Six months ago, as tech offices around the country shuttered, a longstanding debate got kicked into overdrive: Should tech companies embrace remote work for the long haul?
Our internal data suggests the industry is moving in that direction. The number of remote jobs posted across the Built In network — from Chicago to Austin to San Francisco — has grown by 117 percent since May, and applications for remote jobs are up 85 percent.
Remote Tech Jobs are on the Rise
A recent survey of thousands of Built In users found that half are primarily looking for remote jobs, and 86 percent of site visitors in recent months report being open to remote work or relocation.
To keep up with this seismic shift, we’ve changed how our website functions; now, finding remote work is easier than ever before. When you look for jobs on our site, no matter where you’re based, you can search for positions accepting remote candidates, and browse thousands of results.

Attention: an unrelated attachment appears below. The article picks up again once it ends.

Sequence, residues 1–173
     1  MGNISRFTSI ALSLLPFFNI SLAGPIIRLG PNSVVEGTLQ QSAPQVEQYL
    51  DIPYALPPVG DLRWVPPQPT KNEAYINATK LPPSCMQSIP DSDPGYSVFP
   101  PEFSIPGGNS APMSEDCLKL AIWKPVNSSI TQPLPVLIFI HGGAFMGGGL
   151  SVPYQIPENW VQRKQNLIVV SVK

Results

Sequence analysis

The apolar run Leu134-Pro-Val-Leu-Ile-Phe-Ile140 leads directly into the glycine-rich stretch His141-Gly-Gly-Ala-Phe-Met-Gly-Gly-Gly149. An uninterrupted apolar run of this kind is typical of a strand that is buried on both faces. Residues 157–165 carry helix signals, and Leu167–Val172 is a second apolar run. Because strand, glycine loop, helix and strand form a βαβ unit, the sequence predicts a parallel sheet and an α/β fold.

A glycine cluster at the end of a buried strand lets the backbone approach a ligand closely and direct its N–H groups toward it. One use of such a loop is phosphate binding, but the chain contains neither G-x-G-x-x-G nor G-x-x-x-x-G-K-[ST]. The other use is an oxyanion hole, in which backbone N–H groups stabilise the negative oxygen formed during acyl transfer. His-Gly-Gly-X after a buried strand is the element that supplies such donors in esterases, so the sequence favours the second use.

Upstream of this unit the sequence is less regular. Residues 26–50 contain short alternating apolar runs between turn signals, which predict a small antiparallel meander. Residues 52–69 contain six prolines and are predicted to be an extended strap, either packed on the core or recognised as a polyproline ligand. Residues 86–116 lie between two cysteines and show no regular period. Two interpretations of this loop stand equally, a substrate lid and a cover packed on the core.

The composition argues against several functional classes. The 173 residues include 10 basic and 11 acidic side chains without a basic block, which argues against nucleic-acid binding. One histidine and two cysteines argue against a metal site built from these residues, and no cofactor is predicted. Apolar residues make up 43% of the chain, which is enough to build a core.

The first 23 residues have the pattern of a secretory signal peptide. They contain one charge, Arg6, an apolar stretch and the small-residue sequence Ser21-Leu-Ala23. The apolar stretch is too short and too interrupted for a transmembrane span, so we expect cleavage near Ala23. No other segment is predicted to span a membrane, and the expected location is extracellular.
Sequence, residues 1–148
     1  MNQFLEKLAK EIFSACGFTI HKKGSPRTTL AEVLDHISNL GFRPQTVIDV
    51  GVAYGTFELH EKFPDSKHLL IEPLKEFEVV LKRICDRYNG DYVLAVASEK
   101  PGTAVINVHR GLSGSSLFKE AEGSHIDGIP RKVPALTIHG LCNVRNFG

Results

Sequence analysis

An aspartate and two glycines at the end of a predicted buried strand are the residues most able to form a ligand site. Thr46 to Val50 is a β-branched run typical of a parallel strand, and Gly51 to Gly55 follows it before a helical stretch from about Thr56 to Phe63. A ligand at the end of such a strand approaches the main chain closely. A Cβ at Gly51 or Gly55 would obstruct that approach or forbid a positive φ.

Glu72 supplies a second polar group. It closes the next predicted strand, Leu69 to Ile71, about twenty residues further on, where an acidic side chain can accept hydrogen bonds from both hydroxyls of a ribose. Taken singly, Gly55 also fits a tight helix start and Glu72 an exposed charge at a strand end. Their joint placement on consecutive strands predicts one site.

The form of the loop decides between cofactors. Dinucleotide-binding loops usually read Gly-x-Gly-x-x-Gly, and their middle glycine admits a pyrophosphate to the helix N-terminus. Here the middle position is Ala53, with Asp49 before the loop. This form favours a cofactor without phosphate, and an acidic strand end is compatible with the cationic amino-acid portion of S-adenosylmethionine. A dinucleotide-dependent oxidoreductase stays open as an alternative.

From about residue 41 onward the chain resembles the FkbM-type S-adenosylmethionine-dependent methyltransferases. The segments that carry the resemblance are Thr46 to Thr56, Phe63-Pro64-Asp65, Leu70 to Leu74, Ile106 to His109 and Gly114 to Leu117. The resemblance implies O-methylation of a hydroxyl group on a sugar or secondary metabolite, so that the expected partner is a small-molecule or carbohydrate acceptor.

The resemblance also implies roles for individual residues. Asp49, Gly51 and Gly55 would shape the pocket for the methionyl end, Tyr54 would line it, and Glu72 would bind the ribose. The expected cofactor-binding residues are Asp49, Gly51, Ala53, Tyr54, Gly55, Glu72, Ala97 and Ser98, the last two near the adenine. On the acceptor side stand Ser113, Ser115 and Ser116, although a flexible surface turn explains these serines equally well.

Distributed Teams Work Differently
Reporting on this evolution has taught us a lot about what makes teams tick. In March, companies were emulating in-office workflows through countless video calls and back-and-forth messages. But we soon learned why longtime distributed teams don’t work that way.
Distributed teams favor asynchronous communication, which allows for greater flexibility. Written documentation levels the playing field for employees juggling other responsibilities like childcare, and it keeps everyone on the same page when it comes to important details. Fewer video calls also mean fewer interruptions, which gives employees more time for deep work.
Setting clear expectations is another muscle that remote-first teams are flexing. Doing this may be as simple as creating an agenda for every one-on-one, or doing a daily standup meeting to troubleshoot upcoming tasks and potential blockers. Either way, be sure to reward results over around-the-clock availability — being online is not the same thing as working hard.
Whatever the future might hold for remote work, it’s important to remember that this great experiment is taking place at a challenging time. Effective workflows are important, yes, but don’t forget that your colleagues are people too.